The PA Young Birders had a blast birding and “migrating” this past Saturday at Rushton. The children had a chance to hold the newly hatched and very naked Carolina Wren nestlings, which we borrowed from the funky weed wacker nest. What was Mama Wren thinking? Needless to say, our farm staff will be short one weed wacker this season! What a perfect picture of farm and nature existing in harmony.
The Young Birders also got their exercise racing against each other in an obstacle course that simulated bird migration and the many (often human imposed) hazards birds must face. These hazards included having to find food and water while avoiding being eaten by cats and other predators, weaving in and out of buildings in a city, avoiding glass windows, flying over habitat destruction and around windmills, and dodging cars! (No children were injured in this simulation).
The next PAYB meeting, “Spring Migration Morning at the Rushton Woods Preserve Banding Station” will be held Saturday May 19, 9am-11am. The children will experience songbirds in the hand and science in the field during the peak of spring migration at Rushton. We offer this unforgettable memory to children for free, but a donation of $5 per child is suggested to help us maintain our special outdoor classroom and quality educational programs. Please RSVP to me, Blake Goll (email@example.com).
Also coming up is the Pretty Big Bird Day , May 12 from as early as you wish until 6pm. Click here for more information about the event. This event is a friendly competition between teams to see who can spot the most species in the Willistown area. Families and birders of all ages are welcome! Form your own team or join an existing one by contacting Dick Eales at REales@gmail.com. Any interested PA Young Birders should contact me, Blake Goll (firstname.lastname@example.org), by May 8th to join my team for a couple hours of the competition!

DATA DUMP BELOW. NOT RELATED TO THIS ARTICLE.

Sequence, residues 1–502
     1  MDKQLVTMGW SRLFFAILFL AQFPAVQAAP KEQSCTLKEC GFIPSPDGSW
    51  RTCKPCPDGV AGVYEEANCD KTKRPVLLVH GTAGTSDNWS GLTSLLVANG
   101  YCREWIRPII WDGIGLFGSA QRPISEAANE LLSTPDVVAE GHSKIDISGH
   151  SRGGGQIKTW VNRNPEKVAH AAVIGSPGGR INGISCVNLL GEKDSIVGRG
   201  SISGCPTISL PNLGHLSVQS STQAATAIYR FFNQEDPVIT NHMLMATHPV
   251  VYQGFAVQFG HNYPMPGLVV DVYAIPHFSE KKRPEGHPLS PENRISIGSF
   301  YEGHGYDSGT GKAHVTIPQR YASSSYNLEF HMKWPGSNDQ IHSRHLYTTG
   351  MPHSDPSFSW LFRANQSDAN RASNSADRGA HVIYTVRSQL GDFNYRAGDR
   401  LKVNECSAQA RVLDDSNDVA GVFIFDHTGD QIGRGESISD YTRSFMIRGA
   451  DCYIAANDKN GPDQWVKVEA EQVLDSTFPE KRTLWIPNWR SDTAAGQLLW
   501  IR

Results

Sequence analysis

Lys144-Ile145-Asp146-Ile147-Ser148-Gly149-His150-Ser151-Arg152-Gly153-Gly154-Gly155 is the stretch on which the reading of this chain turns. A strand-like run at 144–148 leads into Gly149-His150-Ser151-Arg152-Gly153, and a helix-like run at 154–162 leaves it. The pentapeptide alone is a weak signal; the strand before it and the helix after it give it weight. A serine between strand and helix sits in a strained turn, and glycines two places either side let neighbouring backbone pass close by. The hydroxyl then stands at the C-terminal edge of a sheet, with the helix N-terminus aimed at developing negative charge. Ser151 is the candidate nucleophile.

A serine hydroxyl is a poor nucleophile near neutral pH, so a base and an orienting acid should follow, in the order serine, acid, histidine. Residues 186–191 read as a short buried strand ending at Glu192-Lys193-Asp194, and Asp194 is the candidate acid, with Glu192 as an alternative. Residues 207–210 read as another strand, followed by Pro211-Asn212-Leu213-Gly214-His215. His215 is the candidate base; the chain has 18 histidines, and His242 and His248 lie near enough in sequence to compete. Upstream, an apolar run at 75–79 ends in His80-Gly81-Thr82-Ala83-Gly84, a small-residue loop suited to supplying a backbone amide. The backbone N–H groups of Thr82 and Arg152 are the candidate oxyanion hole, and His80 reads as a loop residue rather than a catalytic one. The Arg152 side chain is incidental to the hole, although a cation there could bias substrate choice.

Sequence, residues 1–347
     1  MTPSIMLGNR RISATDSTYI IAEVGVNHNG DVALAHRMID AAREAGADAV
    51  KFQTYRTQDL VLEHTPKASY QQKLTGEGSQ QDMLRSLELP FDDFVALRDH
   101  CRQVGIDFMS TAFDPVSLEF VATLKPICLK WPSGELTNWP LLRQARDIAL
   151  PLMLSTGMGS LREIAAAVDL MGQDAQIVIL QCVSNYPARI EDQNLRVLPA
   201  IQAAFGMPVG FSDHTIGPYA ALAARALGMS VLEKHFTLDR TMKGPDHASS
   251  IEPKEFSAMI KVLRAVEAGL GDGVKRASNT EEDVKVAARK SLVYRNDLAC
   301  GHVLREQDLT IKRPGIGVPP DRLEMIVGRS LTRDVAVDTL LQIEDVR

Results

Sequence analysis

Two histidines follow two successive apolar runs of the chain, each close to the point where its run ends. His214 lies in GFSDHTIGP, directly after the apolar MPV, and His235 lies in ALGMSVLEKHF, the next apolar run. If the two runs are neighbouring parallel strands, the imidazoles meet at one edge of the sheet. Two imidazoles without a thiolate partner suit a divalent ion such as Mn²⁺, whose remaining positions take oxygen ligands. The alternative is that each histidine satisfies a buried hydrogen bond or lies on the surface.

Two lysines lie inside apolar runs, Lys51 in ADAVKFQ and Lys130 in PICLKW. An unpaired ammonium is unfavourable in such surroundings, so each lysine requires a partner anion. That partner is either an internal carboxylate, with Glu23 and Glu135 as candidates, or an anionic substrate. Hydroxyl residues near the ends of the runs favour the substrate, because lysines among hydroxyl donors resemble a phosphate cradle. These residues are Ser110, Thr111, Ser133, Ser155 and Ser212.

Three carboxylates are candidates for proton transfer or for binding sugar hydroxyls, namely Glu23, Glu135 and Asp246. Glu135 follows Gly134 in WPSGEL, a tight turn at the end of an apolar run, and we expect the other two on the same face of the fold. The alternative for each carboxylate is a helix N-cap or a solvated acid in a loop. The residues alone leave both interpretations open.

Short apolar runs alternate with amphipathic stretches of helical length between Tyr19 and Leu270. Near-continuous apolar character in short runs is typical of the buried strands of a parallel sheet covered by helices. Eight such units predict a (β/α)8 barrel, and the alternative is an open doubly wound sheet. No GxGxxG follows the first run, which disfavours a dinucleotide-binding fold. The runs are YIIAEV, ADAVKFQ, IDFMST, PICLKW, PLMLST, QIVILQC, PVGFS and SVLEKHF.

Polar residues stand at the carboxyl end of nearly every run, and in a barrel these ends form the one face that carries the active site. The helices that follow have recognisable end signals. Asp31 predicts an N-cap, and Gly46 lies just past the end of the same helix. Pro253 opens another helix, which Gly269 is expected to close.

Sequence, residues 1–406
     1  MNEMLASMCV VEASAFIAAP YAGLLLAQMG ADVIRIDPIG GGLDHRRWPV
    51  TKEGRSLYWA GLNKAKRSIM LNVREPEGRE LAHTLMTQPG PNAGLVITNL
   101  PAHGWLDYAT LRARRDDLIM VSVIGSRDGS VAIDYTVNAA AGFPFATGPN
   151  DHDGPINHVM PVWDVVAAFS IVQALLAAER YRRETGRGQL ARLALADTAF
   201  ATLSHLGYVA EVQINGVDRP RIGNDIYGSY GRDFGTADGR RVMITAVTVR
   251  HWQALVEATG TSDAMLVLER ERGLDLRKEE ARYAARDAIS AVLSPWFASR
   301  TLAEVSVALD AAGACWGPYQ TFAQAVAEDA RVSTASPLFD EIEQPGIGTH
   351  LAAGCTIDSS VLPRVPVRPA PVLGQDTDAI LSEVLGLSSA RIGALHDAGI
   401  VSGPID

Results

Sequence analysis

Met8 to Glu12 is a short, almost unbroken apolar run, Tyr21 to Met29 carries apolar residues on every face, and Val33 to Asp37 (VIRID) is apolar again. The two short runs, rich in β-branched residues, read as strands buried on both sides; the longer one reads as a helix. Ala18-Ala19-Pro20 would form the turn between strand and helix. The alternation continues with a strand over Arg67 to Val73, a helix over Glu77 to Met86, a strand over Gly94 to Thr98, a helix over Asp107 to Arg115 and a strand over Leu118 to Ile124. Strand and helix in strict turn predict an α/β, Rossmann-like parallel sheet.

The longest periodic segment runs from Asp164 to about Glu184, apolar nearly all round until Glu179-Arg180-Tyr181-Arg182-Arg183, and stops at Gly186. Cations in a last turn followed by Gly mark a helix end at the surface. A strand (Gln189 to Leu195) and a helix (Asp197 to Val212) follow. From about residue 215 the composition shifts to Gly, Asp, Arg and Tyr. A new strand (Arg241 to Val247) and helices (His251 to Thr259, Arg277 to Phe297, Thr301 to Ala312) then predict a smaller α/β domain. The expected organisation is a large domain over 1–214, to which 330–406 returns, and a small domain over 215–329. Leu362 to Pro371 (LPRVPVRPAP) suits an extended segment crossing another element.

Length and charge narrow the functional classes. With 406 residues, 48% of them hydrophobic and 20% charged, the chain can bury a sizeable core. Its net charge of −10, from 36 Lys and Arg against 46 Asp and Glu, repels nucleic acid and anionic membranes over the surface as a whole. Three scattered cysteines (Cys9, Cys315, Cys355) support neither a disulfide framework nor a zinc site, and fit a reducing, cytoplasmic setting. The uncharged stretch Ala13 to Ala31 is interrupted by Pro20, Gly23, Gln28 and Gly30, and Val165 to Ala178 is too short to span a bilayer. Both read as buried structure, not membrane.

Early Spring Babies
Here is a picture of the happy bluebird babies in my own backyard. They all hatched successfully before the egg- pecking House Wren returned, and they are just 4 or 5 days from fledging! Unfortunately, the bluebird family at Rushton was not so lucky. They nested much later than mine, and their eggs were pecked this week by the aggressive House Wren. Hopefully, once the wren gets busy with his own nest, the bluebirds will have a chance. We also plan to place three more bluebird boxes at Rushton in a more open area of the fields, far away from the hedgerow. Bluebird boxes that are too close to hedges or the edge of woods are at high risk for wren predation.
The skies are alive at Rushton with the theatrical dynamics of the Tree Swallows, which are starting their nests. Fred De Long, Director of the Farm, remembers when there was only one lone pair of swallows 3 years ago when the farm was just starting out. This year, there are several pairs; like the orioles, the swallows seem to be flourishing with the maturation of the sustainable farm nestled in the nature preserve.
Lisa Kiziuk has a family of House Finches that nested in her wreath at her home. The babies have already fledged and the TAP students ( The Achievement Project of Chester), who have been learning about the farm and birds, were thrilled to have a chance to cradle the charming nestlings in their hands last week. House finches were once sold as pets and called Hollywood Finches; their sweet and amusing dispositions coupled with their beautiful song make it easy to see why they were desirable pets!
Happy Belated Birthday to John James Audubon!
Born on April 26, 1785, he is one of the most celebrated French-American ornithologists, naturalists, and painters. His seminal work, “The Birds of North America,” is considered the finest ornithological work ever completed and can be viewed online here. This online version is definitely not as fabulous as the real thing (which is a wonderful coffee table book!), but fun to browse nonetheless.
Excuse me, but I must go plant a tree for the birds…
Happy Arbor Day!